S. (Stockholm): Change of address noted. -- Miss M.P. (Stockholm): Thanks for sub. -- L.K. (Cal.): Necessary alteration has been Made. -- Mrs. H. (Washington, D.C.): Thanks for renewal. -- Mrs. C. (Fremont, U.S.A.): Sub. received. Thanks. Back numbers posted. -- L.A.C. (Petosky, Mich.): Change of address registered. -- E.C.A. (Chicago, U.S.A.): Many thanks. -- B.O. (Brisbane): Thanks for your good wishes, also sub. and donation. -- C.G.J. (England): Money-order and letter appreciated. -- A.B.J. (Melbourne): Literature posted. Third volume not yet complete. -- Mrs. K. (Sydney): Thanks, you are fully prepaid. - H.S.K. (Pittsburgh, U.S.A.): Thanks. Sub. expires with No. 24. -- E.L.S. (Santa Fe, U.S.A.): Sub received; we appreciate your good wishes. -- E.P. (Zanesville, U.S.A.): Renewal Helpful. -- W.E.F. (Ballarat): Many thanks for subscription. Glad to know that Theosophy still holds a place in your city. -- R.S. (Wellington, N.Z.): Send us any material you have, and if it is of value, we can work it up for publication. -- Lover of Wisdom, Justice, and others: We thank you for your letters, but we are compelled to point out that ex-parte statements have no value whatever.The fact that you hold certain persons in high esteem, and believe them to be incapable of errors of judgment, etc., doesn't alter the hard fact that what we want is a straightout statement front them. -- L. A. Hudspeth (Winston-Salem, U.S.A.): Donation received with thanks. Your wishes will be complied with. "More subscribers" is the password to our inner-most heart. -- "Past-Master" (Adelaide): We are not prepared to discuss Co-Masonry from the point of view you suggest. Nevertheless, your suggestion has merit. -- A.C.L. (Boston, Mass.): The words were used by a Vice-President of the U.S.A. at the time of Lincoln's assassination. But please don't ask us to verify any more quotations; we are willing, but our time is precious. -- L.H.N. (Belfast, Ireland): Thanks for letter. Will act on suggestion. Please keep in touch. Hope to write you privately when time permits. -- L.C.C.: Sorry you thought our reply flippant, but no discourtesy was intended. Anyway, the initials do correspond, don't they? -- "Peanut" (Adelaide): Your writing is getting more and more appreciated when your big envelopes fall out of the mail-box. Keep it going. You are doing well. -- D.K.B. (Forest Gate, London): It is generally supposed that the lady comes to Australia seeking an official position. But the Convention will be over about the time we go to press. -- A.F. (Melbourne): Yes, we know that he is corresponding with every possible supporter, with a view to extended office-holding. It is the usage of some people to let a person do the dirty work and then consider discarding him. We may have something to say regarding this next issue. "The Mills of God," etc. -- F.R.D. (Hobart): The old idea that Cagliostro had anything to do with the case is now completely exploded. So far from such being the case, had the Prince-Cardinal taken his advice, the whole issue would have been different. Dumas appears to have drawn his information from very poisonous sources. -- T.B.G. (Sydney): Read Natures Finer Forces, by Rama Prasad. Another book in the older literature well worth reading is The Dream of Ravan. It is a fine outline of the Ramayana, with philosophical comments. -- T.H.L. (Parkville): Don't be afraid to ask questions; the policy of hiding things is not one that appeals to Dawn. -- "Don" (Cambridge, Eng.): The names of the writers of "Man: Fragments of Forgotten History," are Mrs. Holloway (now Langford) and Mohini Chatterji. Ours is a second edition copy, published in 1887. -- D.F.G. (Benares): We are certain that he holds an influential position at the University of Lucknow. Concerning the point raised, we have no information. -- F.G.S. (Sydney): The distinguished actress you mention was, and is, a good Theosophist. We have no recent information regarding Mrs. Brown-Potter. We understand that she retired from the world to study Yoga, but we may be mistaken. -- F.H.G. (New York City): Nothing could please us more. -- Y.M.K. (Paris): Yes. We understand that he says it is his intention to return and confront his so-called enemies. We shall be on the watch. -- T.N. (Melb.): The man is about the one man we know of who might really be a black magician. His teaching is terribly evil. He is a much greater danger than the other you mention; the Sydney gentleman is less dangerous than either. -- F.H.L.: Read the second discourse in the Gita. A rough way of dividing up the Gita is into three sections of six chapters. Then the first deals with Aspiration, the second with Realization (or Illumination), and the last with the life in the outer world. We do not recommend the verse by verse method of study unless each chapter is carefully read in full first. -- "Tingleyite" (San Diego, Cal.): Mr. Judge was not, as far as we know, a Sanscrit scholar. We understand that he took various translations and combined them so as to express fully the meaning. He was a fine writer of English. See the first volume of Letters That Have Helped Me. -- S.A.P. (Los Angeles, Cal.): He was not the only one who resorted to mediums after the blinding effects of H.P.B.'s death. One now world-famous leader tried the same dubious path. There can be no doubt that the lesser lights did not expect H.P.B. to be recalled so suddenly, and they were left in more or less complete darkness, because they had not assimilated her message. -- B.K.L. (Sydney): To say that Browning was not an Occultist is simply to show that either you have never studied him or that you haven't got the faintest idea of what Occultism is. -- The New Member: There is a certain significance in the dedication and the initials Z.X.Z. thinly conceal the personality of W.Q.J. The term "Greatest of the Exiles" had, and has, a deep meaning. The "exiles" are scattered abroad still, but they are all doing the Masters' work. Some day the full story of that "exile" will be written down, for the benefit of occult students for generations. But the time is not yet. - H.N.S. (Washington, D.C.): It is said that he has refused to go either to Adyar or to Sydney. Hence the desirability of sending the lady to apply soft inducements. She may also want to collect a little money. -- T.H.K. (Boston, Mass.): Quite apart from his questionable moral character, there is the fact that he has utterly distorted the whole teaching of Theosophy. Blavatsky would never have stood for such a church for one moment; moreover, you have only to compare the privately issued (E.S.) letter attributed to the Master K.H., in which the church was boosted with the genuine letters recently published, to see that something perilously close to forgery is going on. We are writing you privately. -- R.C.M. (Portsmouth): Nothing in book form since Education as Service. Perhaps it is as well. The last one fell from the press still-born. -- E.M.C.M. (Minhamite, Vic.): Change of address noted. Yes, your sub. expired with No. 13. -- Mrs. H. (Beverley, W.A.): Many thanks. -- E.M.D. (Hull, Eng.): Sub. registered and back numbers posted. Secretary's address noted. -- Miss R. (Ipswich): Literature posted. Sub. registered. -- Subscriber (Auckland, N.Z.): Cannot book your sub. You have forgotten to sign your name. -- E.S.L. (Florida, U.S.A.): Dawn has nothing to do with the organization you mention, but your letter has been forwarded.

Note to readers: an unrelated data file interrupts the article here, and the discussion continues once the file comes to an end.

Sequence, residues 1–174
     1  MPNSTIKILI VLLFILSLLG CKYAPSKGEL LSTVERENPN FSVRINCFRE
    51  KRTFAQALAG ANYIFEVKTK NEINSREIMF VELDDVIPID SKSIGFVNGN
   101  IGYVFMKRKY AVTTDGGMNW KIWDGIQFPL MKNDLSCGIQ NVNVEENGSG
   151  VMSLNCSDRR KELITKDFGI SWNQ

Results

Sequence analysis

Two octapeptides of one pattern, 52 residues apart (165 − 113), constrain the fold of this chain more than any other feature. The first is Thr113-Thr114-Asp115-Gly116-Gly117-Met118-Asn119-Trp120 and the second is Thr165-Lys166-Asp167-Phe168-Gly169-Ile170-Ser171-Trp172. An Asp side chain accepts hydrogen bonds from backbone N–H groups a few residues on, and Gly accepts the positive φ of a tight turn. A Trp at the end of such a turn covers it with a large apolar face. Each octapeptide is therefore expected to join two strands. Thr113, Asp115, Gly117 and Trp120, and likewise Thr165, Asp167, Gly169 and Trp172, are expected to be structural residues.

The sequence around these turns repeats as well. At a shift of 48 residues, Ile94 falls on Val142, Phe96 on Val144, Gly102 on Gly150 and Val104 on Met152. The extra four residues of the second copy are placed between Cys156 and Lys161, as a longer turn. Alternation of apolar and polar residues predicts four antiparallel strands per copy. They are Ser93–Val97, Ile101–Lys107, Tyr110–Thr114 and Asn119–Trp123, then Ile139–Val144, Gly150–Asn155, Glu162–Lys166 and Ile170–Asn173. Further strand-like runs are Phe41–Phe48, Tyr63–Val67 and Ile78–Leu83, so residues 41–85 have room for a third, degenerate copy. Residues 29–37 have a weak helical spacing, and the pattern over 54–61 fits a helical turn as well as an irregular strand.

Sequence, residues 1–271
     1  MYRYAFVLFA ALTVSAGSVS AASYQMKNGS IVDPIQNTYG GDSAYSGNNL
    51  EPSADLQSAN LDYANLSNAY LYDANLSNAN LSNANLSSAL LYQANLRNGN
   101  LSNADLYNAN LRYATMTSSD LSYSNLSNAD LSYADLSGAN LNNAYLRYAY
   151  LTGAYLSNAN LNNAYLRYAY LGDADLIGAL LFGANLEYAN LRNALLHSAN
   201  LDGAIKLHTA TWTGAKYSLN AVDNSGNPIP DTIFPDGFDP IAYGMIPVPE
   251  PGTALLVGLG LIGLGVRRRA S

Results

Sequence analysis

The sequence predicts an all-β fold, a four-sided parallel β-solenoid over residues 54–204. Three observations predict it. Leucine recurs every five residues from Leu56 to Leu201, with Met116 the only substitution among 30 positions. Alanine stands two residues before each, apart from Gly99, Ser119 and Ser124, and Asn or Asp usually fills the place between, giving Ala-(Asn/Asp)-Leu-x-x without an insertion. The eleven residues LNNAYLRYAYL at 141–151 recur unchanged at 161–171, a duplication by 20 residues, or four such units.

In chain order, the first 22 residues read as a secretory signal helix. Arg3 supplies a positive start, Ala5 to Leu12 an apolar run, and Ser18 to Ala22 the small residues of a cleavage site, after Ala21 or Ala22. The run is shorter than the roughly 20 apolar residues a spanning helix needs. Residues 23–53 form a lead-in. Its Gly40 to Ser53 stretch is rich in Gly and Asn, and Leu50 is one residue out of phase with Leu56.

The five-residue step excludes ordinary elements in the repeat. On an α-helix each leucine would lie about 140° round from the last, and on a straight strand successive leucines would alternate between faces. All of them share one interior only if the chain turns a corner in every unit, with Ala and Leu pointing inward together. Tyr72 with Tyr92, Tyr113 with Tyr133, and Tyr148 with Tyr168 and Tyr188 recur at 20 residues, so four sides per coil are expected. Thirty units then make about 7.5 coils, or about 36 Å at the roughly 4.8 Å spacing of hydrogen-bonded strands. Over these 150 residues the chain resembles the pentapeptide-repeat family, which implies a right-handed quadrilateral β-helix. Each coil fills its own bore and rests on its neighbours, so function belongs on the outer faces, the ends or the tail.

The Independent Theosophical Society